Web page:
Formula One cars' active suspension of the late 1980s-early 1990s took motorsport technology to new levels. Keith Howard explains how springs and dampers almost became things of the past— and then bounced back.
Search the worldwide web using ‘active suspension’ as keywords and you will quickly find claims that Williams invented the technology in 1992, and that it works by predicting the contour of the road ahead. Not sensing the road contour, note, but predicting it. With tarot cards?
The truth about active suspension is stranger, or at least more engaging, than the abundant fictions. Actually, the first F1 car to use active suspension was the Lotus Type 92, and it took to the track as early as 1983 — four years before active suspension scored its first win and nine years before securing its maiden championship.
Although ‘active’ is used as a catch-all description, the pioneering Lotus and Williams systems were quite different in their realisation, their design philosophy and their origins. Whereas the Lotus system was inspired by aeronautics technology, Williams’ was derived from a road vehicle system originally developed by Automotive Products. In fact, the essentials of the suspension which first appeared on the Williams-Honda FW11B in 1987 and returned, in improved form, to sweep all before it in 1992-3 on the FW14B and 15C, was shown off by AP on, of all things, a Ford Granada.
Father of the Lotus active system was Peter Wright, then Team Lotus aerodynamicist (and now technical adviser to the HA and a motorsport writer). In 1980, Lotus was grappling with the problem of controlling the burgeoning levels of downforce being generated by the latest generation of ground effect F1 cars — four times the downforce the Lotus 79 had developed only two years earlier.
With the Lotus 80, which developed its downforce almost entirely via ground effect, eschewing conventional front and rear wings, Wright and his colleagues had generated huge downforce but, by his own admission, they had lost control of it. In particular, Lotus had run into the problem of ‘porpoising’, where changes in pitch angle over a bump could lead to a severe pitch resonance, the car rapidly cycling between nose-up/tail-down and nose-down/tail-up attitudes as the downforce and its position of action varied in synchrony with the pitch changes. This violent behaviour, which was heart-stopping for the driver, could only be stifled by applying the brakes. Lotus tried to cure it by stiffening the suspension, but it didn’t help: the car bounced around on its tyres instead.
Professor David Williams of the Cranfield Institute of Technology was commissioned to analyse the problem, which he identified as something akin to wing flutter in aircraft. During one of their meetings in 1980, he suggested a possible solution to Wright— the synthetic springs his department was developing as part of an artificial-feel control column for a fly-by-wire research aircraft. Comprising a hydraulic ram with fast-acting computer-actuated control valves, a synthetic spring could replace the conventional spring and damper, relieving suspension design of many of its traditional compromises. Most importantly, it could provide the rapid-acting, adaptive control of ride height necessary to banish porpoising and maintain the car at the optimum ride height and angle of attack. The need for ludicrously hard springs would then be removed, which as well as making life more comfortable for the buffeted driver, would reduce the variations in tyre load caused by uneven track surfaces and so maximise grip.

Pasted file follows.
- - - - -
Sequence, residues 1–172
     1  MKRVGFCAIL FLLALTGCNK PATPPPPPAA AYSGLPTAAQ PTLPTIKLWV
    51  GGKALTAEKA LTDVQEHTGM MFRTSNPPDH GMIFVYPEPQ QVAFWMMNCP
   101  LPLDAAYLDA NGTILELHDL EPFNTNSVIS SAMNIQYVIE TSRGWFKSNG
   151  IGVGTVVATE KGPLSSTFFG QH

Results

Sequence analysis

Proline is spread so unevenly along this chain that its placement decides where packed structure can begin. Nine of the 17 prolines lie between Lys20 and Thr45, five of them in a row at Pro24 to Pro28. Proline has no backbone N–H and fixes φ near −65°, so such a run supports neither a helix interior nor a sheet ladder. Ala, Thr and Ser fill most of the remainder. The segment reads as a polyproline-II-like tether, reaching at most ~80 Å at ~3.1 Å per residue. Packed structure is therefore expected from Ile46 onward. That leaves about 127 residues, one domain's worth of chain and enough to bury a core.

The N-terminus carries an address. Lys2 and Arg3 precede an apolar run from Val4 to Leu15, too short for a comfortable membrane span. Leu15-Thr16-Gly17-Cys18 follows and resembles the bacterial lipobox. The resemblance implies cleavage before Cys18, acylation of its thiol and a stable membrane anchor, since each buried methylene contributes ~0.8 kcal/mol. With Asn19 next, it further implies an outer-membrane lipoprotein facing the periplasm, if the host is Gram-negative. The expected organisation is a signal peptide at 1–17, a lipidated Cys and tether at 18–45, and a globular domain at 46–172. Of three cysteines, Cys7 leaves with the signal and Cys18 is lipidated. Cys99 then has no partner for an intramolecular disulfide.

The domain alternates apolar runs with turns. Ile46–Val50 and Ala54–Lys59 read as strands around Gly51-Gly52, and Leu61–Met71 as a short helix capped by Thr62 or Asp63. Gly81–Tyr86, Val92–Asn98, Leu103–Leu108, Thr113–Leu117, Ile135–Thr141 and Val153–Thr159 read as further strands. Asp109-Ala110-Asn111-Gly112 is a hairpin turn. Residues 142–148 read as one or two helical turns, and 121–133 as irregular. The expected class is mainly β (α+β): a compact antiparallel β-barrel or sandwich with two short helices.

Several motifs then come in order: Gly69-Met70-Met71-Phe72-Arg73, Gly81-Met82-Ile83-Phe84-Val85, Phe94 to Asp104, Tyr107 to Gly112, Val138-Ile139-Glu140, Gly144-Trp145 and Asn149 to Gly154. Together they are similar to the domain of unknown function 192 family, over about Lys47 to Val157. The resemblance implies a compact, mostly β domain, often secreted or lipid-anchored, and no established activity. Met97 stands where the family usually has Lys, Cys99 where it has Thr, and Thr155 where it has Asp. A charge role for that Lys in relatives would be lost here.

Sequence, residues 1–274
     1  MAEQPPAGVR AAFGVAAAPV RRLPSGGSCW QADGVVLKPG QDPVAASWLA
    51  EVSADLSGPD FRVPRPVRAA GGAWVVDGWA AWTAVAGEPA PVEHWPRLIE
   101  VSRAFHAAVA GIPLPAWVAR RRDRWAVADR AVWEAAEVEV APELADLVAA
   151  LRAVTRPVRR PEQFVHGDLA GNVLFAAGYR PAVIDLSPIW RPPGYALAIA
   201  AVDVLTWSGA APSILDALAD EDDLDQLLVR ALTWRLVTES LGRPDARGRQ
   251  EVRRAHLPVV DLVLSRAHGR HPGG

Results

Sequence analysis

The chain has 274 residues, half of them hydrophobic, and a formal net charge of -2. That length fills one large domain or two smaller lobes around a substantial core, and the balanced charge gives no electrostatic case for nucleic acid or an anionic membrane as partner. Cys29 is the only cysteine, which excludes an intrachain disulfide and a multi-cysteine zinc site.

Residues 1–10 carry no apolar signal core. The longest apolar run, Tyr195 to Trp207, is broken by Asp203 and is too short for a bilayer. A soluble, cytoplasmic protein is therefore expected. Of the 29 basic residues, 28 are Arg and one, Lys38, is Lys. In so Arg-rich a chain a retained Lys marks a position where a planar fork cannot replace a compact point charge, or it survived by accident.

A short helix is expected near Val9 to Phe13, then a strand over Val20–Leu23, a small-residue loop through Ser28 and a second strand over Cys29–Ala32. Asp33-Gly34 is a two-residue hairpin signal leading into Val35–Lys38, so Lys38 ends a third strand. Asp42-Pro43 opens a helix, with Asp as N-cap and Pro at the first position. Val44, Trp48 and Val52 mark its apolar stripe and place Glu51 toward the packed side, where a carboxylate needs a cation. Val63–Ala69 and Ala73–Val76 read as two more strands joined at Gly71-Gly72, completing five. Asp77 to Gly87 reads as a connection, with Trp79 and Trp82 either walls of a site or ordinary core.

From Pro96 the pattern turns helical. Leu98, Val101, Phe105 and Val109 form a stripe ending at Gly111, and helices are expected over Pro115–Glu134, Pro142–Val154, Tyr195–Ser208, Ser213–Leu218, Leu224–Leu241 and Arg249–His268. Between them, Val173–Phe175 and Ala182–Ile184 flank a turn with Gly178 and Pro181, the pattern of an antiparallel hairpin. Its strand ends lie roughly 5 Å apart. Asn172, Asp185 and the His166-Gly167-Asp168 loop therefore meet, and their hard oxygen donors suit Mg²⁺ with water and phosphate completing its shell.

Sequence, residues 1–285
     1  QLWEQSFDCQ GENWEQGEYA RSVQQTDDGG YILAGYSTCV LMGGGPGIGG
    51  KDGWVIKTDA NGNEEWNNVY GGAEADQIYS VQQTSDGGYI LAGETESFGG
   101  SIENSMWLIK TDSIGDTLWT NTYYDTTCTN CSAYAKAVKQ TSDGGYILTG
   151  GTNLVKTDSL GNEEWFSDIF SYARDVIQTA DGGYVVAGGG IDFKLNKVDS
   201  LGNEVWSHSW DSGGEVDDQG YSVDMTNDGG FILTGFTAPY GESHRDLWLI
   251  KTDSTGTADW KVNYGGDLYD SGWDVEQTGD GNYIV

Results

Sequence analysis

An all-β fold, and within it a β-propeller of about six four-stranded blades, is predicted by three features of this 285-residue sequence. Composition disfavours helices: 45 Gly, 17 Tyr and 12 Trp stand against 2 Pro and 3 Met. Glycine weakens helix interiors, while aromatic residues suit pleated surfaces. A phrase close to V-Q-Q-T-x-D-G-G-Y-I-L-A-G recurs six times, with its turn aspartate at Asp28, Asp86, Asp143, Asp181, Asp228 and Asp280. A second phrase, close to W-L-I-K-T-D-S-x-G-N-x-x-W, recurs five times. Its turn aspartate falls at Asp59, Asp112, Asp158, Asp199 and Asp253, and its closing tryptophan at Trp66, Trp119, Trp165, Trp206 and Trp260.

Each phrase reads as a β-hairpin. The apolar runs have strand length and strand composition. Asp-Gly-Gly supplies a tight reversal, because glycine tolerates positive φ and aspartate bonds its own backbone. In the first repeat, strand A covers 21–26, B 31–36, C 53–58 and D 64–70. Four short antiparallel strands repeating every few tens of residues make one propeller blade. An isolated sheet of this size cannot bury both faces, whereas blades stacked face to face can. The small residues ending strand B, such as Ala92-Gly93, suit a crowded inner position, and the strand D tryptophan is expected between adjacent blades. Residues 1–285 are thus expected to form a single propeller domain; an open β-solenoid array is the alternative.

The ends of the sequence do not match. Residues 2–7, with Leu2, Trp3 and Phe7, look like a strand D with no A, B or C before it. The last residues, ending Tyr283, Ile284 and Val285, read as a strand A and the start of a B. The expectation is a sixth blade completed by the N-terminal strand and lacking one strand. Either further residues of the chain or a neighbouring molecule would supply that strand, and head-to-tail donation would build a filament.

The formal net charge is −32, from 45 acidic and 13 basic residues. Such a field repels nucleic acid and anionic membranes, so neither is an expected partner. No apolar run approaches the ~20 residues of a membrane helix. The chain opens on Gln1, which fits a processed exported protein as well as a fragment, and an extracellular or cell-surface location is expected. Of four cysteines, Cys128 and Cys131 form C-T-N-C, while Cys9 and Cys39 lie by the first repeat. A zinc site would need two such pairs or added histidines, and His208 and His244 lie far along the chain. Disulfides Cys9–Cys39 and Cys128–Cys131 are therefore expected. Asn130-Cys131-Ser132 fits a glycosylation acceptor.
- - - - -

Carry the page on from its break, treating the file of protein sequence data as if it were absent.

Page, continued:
Promising as it sounded, active suspension initially became Plan B at Lotus. Plan A was the twin-chassis Type 88, which addressed the downforce problem by the simpler, purely mechanical means of incorporating two suspension systems. When the revolutionary 88 was outlawed under pressure from opponents who feared Chapman was again moving the goalposts, active suspension replaced it as the focus of Team Lotus’ development effort.
Chapman wanted to run active in 1983, so he presented Wright with an incredibly tight timetable for such a major development: just six months to develop active suspension on an Esprit demonstrator, then six months more to develop an active F1 car — assuming the Esprit had proved the concept. Sharing the development work with Williams at Cranfield, who wrote the control software and built the computer hardware to run it, Wright set about the task.